The Shuffle: Revisiting “Mofe Mu’yan”, the song that brought Dr Victor Olaiya to a younger generation

An authentic representation of why he earned the title, 'Evil Genius of Highlife'

On Wednesday, February 12, 2020, news of Dr. Victor Olaiya’s passing reached the public. It was the second time in two days that African music was losing a seminal figure to the cold hands of death—Joseph Shabalala, the founder of South Africa’s Ladysmith Black Mambazo band, passed away a day before. Passing away at 89 years old, though, the consolation is that Victor Olaiya, a bonafide Nigerian music legend, lived a full and very impactful life.

A singer, trumpeter and bandleader, Victor Olaiya rose to fame as a highlife artist in the early 1950s, after a period playing with one of highlife’s pioneering artists, Bobby Benson. Performing and recording his music with his Cool Cats band—later renamed as the All Stars International band—Victor Olaiya maintained a high level of popularity till the 1960s and early 1970s, a period during which he delivered a consistent slew of hit songs like “Omopupa”“So Fun Mi”“Iye Jemila” and more. Even though he slowed his roll in the following decades, Victor Olaiya’s achievements afforded him the treatment of a living legend.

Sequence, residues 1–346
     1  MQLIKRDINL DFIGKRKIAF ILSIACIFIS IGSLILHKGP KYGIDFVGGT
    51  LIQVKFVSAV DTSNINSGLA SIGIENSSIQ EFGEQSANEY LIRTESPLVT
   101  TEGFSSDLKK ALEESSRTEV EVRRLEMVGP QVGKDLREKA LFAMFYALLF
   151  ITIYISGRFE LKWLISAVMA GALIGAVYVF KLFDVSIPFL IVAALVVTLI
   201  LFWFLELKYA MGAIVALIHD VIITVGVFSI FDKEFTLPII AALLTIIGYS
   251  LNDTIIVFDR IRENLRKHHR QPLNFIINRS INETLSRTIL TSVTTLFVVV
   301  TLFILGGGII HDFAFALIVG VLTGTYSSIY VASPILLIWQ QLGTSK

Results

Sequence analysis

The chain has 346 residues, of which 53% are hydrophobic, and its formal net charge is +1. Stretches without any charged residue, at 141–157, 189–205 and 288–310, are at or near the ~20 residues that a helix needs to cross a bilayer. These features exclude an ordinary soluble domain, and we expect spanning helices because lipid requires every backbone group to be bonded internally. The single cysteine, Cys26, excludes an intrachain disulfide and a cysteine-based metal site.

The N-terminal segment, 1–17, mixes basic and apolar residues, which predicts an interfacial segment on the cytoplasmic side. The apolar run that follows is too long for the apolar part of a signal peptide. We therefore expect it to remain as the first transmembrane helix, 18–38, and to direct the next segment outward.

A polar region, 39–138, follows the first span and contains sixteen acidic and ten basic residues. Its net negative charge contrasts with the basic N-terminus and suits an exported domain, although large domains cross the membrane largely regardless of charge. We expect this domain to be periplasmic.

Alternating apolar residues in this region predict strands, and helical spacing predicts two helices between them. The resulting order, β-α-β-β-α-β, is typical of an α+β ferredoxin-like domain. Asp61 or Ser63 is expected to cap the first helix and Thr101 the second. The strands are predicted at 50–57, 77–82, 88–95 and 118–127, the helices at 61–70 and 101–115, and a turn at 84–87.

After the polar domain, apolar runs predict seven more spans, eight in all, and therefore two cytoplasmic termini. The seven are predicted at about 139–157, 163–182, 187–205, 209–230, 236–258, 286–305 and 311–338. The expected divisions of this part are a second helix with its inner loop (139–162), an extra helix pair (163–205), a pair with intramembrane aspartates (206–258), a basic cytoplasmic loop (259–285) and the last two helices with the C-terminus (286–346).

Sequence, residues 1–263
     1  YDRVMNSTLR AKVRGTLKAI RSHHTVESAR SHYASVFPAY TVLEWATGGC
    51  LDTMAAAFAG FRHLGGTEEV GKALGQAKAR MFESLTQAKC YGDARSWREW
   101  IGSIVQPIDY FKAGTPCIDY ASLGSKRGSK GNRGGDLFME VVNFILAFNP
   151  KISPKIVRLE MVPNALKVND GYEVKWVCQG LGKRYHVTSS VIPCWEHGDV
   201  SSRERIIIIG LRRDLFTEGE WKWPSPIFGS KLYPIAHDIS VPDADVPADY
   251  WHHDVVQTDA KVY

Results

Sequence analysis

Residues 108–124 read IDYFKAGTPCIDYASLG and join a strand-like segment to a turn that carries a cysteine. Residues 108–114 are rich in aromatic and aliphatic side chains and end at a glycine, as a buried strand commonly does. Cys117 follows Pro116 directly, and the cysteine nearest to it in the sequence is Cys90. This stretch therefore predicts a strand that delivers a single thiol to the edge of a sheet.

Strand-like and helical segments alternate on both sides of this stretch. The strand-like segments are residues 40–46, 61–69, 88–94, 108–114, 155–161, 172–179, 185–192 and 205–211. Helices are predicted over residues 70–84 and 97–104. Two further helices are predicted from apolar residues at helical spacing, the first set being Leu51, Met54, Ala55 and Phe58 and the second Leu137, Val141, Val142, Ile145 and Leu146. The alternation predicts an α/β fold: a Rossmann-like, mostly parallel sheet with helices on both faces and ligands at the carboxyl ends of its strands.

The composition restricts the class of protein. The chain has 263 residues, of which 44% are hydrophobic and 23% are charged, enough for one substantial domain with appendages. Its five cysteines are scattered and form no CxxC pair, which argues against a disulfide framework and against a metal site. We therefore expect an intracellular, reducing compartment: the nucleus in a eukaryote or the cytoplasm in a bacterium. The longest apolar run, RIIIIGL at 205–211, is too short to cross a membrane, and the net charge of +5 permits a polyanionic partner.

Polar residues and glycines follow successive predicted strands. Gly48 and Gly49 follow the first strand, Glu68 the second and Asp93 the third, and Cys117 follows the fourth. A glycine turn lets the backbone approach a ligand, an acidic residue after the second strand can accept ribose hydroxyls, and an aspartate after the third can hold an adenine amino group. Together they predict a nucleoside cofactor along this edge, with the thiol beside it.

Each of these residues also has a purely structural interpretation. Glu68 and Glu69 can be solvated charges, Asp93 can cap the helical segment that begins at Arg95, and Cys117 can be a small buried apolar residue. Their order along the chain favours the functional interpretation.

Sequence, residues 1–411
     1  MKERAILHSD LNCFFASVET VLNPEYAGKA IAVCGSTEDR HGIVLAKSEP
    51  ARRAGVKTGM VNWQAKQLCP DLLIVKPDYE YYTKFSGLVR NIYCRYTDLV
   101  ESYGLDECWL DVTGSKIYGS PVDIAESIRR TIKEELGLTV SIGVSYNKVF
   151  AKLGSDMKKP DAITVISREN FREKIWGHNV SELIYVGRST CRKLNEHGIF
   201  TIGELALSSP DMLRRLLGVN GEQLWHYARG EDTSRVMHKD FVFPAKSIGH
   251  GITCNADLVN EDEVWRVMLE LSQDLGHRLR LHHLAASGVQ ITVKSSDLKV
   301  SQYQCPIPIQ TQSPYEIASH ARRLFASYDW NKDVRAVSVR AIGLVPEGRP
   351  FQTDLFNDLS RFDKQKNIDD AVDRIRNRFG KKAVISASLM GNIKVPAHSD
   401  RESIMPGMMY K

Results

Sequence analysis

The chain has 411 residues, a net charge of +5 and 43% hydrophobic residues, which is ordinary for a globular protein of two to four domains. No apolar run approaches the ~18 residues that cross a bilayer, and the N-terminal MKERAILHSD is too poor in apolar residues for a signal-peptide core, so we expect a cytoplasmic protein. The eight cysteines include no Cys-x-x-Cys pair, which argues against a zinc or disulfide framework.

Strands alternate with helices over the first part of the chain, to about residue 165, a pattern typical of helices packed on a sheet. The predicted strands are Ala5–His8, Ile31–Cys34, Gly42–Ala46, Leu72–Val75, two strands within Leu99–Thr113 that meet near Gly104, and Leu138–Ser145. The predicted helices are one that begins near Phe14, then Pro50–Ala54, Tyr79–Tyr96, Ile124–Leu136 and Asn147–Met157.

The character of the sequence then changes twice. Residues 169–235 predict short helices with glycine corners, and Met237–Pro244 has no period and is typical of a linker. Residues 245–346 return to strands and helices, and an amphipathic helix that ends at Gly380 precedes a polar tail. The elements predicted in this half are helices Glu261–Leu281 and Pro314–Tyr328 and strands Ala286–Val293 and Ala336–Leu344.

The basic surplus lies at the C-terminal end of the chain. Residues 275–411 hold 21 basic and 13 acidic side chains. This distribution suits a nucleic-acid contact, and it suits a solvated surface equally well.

In 2013, a younger generation of Nigerians were given a proper introduction to Victor Olaiya during a short period of resurgence that saw him collaborate with 2Baba—fka 2Face Idibia—on the single, “Baby Mi Da”. The song was a remix of Olaiya’s hit song, “Mofe Mu’yan”—alternately known as “Baby Jowo” as a way to clean up its title. While the remix with 2Baba did a brilliant job of bringing the highlife classic into a modern context, the original track is a potent example of Dr Olaiya’s magic in his prime.

Highlife is known for being suited to light-hearted themes and Victor Olaiya’s “Mofe Mu’yan” plays into that trope, albeit with a lewd twist. Predominantly backed by strutting percussion, groovy guitar rhythms and blaring horn harmonies, he pleas with a lover for her affection, making his preferred type of physical affection known via his explicit lyrics. Similar to the titular adjustment, the lyrical content of “Baby Mi Da” is cleaned up as a puritanical face-lift for Dr Olaiya’s status as an elder statesman at the time, however, the original version is an authentic representation of why he earned the title, ‘Evil Genius of Highlife’.

Celebrate the life of Dr. Olaiya by listening to “Mo Fe Mu’yan” below.

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Dennis is not an interesting person. Tweet Your Favourite Playboi Carti Songs at him @dennisadepeter